8 Unexpected Stories That Go Behind the Scenes in Hollywood
Frozen lettuce, a ghost subway station, and an unplaceable accent all have starring roles.
Each year the Academy Awards ceremony celebrates talents on the silver screen—but Atlas Obscura likes it behind the scenes, where movie magic is made from unexpected ingredients (think celery and whipped cream) and in unusual places (an abandoned Paris subway platform and one particular Los Angeles alley). Here are some of our favorite Atlas Obscura stories that reveal a different side of Tinseltown.
The Forgotten ‘China Girls’ Hidden at the Beginning of Old Films
by Sarah Laskow
Few people ever saw the images of China girls, although for decades they were ubiquitous in movie theaters. At the beginning of a reel of film, there would be a few frames of a woman’s head. She might be dressed up; she might be scowling at the camera. She might blink or move her head. But if audiences saw her, it was only because there had been a mistake. These frames weren’t for public consumption. The China girl was there to assist the lab technicians processing the film.
Why Foley Artists Use Cabbage and Celery to Create Hollywood’s Distinctive Sounds
by Paula Mejia
How did celery become a staple of summer blockbusters? On its own, celery sounds like, well, a vegetable. But when recorded well and mixed correctly, the fibrous stalks can sound like an elbow crunching into bone. “Part of the talent is performing it and recording it in a way that’s kind of hidden, with celery not recognizable as celery,” says Sarah Monat-Jacobs, who creates sound effects for Hollywood movies—an undertaking known in the business as Foley. For Foley artists, gourds mimic the sound of cracked skulls, ice cream cones double as hatching dinosaur eggs a là Jurassic Park, and frozen lettuce provides the soundtrack for a pivotal scene in Titanic.
The Ghost Subway Station in Paris Where Films Come to Life
by Hannah Steinkopf-Frank
Meryl Streep as Julia Child, on her way to meet a famous cookbook writer in Julie & Julia; Audrey Tautou as Amélie Poulain, running into her future lover in Amélie (Le Fabuleux Destin d’Amélie Poulain); Steve Buscemi as a clueless American tourist in Paris, je t’aime—they were all waiting for the same subway train. Porte des Lilas, a decommissioned Metro station in Paris has been dedicated to film, television, and commercial productions for the past several decades. Yet the famed platform, where several films a year are shot, remains something of an industry secret.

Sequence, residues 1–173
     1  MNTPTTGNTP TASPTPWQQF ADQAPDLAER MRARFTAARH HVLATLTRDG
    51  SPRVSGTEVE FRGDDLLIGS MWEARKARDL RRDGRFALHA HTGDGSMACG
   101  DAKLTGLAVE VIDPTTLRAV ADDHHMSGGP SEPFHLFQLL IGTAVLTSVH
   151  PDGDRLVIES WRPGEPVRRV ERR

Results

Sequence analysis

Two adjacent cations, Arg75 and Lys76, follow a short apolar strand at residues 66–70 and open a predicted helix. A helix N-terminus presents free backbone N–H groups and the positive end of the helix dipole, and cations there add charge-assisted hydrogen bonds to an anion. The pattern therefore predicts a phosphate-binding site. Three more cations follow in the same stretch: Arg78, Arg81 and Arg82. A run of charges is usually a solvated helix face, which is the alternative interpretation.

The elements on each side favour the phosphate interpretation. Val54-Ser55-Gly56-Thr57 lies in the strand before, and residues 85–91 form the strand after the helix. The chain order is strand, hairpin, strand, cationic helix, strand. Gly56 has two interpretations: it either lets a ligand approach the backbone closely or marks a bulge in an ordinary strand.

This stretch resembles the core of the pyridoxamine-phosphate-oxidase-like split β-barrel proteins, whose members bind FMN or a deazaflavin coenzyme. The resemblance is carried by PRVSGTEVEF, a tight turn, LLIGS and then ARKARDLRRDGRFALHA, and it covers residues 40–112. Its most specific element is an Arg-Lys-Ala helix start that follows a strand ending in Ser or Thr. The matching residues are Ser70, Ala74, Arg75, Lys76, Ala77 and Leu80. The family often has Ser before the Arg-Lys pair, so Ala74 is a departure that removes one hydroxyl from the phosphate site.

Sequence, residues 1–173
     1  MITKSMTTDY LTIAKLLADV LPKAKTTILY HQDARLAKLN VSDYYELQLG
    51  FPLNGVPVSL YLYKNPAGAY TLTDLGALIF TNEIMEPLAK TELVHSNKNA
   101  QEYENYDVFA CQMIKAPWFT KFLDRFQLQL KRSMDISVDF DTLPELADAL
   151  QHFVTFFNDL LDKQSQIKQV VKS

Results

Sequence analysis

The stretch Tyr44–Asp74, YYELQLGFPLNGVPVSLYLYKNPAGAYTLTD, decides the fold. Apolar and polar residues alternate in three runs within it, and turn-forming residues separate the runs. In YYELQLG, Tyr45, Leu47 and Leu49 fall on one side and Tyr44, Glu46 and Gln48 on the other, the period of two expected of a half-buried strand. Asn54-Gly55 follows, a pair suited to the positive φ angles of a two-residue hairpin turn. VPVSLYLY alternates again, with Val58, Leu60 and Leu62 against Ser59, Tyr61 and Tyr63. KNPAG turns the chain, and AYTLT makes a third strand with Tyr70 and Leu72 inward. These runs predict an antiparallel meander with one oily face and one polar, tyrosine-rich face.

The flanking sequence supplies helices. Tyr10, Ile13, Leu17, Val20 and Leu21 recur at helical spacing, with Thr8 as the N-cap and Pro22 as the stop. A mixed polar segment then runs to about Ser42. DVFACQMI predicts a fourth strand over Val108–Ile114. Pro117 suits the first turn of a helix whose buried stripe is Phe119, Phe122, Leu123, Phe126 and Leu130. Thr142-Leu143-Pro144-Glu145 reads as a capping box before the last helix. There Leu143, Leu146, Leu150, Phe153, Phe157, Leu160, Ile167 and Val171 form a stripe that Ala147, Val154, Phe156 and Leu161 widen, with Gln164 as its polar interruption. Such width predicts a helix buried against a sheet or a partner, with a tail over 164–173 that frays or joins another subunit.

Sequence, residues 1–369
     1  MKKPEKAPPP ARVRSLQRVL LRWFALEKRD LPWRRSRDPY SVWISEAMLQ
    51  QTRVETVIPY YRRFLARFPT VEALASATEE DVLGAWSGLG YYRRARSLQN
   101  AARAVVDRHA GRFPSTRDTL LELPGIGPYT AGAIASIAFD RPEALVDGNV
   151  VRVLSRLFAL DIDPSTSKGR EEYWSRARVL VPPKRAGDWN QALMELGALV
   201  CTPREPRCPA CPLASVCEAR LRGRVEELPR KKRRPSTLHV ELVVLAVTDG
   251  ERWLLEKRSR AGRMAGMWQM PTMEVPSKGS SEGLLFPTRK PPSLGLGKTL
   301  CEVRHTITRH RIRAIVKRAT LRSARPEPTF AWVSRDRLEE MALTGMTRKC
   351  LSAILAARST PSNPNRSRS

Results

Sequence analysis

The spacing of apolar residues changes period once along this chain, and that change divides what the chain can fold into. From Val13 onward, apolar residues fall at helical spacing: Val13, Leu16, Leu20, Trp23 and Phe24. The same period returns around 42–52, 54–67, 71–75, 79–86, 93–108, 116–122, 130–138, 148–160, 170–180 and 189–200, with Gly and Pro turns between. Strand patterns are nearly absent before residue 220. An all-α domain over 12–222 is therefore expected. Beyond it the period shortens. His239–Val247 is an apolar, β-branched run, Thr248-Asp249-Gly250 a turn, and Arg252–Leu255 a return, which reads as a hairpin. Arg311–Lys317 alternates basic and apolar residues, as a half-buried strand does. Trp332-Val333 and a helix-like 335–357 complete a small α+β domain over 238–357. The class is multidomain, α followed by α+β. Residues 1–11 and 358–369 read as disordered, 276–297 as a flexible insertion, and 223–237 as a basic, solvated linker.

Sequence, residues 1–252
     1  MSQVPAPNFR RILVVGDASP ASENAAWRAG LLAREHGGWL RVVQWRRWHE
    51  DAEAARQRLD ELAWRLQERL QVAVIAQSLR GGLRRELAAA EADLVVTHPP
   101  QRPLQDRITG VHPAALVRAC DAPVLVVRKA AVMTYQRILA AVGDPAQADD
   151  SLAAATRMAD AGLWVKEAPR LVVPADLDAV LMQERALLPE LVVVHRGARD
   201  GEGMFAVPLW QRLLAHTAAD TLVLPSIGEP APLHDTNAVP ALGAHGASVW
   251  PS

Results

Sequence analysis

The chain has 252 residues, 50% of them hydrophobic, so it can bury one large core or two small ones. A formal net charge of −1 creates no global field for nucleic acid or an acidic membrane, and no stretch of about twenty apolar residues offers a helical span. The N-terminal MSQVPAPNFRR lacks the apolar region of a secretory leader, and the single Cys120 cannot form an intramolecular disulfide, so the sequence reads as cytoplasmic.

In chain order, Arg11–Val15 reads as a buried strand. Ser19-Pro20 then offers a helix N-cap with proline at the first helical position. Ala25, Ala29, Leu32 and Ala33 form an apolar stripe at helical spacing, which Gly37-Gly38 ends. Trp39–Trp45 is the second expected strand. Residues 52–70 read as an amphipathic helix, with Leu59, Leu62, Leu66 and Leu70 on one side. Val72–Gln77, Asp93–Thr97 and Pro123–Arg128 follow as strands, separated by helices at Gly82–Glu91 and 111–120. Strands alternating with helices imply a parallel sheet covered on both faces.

How Pie-Throwing Became a Comedy Standard
by Anne Ewbank, Gastro Obscura Senior Associate Editor
For over a century, flinging a pie into someone’s face has been a comedy trope, thanks in part to Hollywood’s Keystone Studios. At the height of the pie-throwing phenomenon, the studio had its own bakery dedicated to making the perfect big-screen splat. Directors favored single-crust custard pies (less painful, very messy) topped with a tower whipped cream.
The L.A. Alley That’s a Subtle Silent-Film Landmark
by Tyler Malone
Thanks to film historian John Bengtson, one of Hollywood’s hardest-working locations finally got its due. The seemingly nondescript, T-shaped alley in the heart of Hollywood served as a backdrop for more than a dozen silent films. As a filming location, the alley had a lot working in its favor. Because it runs east-west, it was well-lit all day, and it was fairly quiet, Bengtson says. And in an era when studios were expanding, much of Hollywood was still orchards, open lots, or vacant fields; there weren’t many urban-looking intersections to choose from. For a period, he adds, “it was essentially the only alley in town.” Now it is known as Chaplin Keaton Lloyd Alley, for the stars who did some of their best work there.
How a Fake British Accent Took Old Hollywood By Storm
by Dan Nosowitz
If you’ve ever seen a movie made before 1950, you’re familiar with the accent used by actors such as Cary Grant, Katharine Hepburn, and Ingrid Bergman: a sort of high-pitched, indistinctly accented way of speaking that also pops up in recordings of politicians such as Franklin Roosevelt and writers such as Gore Vidal and William F. Buckley Jr. Is it British? Is it American? Is it just “rich”? However you classify it, it is among the weirdest ways of speaking in the history of the English language, linguists say.
These Strange Rock Formations Have Been a Filmmaking Hotspot for Over a Century
by Tyler Malone
Located in Central California, just west of the town of Lone Pine, the Alabama Hills are one of Hollywood’s least famous but most filmed stars. Less “hills” and more giant huddled masses of stone, they are identifiable by the surprising smoothness of their rounded contours, which creates a gorgeous contrast with the sharp lines of the Sierra Nevada mountains that form their backdrop. These strange rock formations are versatile actors, having played Colorado, Arizona, Wyoming, Mexico, Spain, Iran, Afghanistan, India, and China—not to mention distant planets, alternate dimensions, and fantasy realms.
An Explorer’s Guide to Hidden Hollywood
by Jessica Leigh Hester
Hollywood Boulevard is world-famous—for the Oscars and the Walk of Fame, for schlocky souvenir shops and crowded tour buses. But beyond the terrazzo stars and the occasional celebrity sighting, there’s plenty left to discover. Here’s how to make Hollywood’s acquaintance, whether you’re a visitor or a local who keeps a practiced distance from these busy, saturated blocks. Look closer and you’ll find a neighborhood full of nature, history, and wonder.
Follow us on Twitter to get the latest on the world's hidden wonders.
Like us on Facebook to get the latest on the world's hidden wonders.Follow us on Twitter Like us on Facebook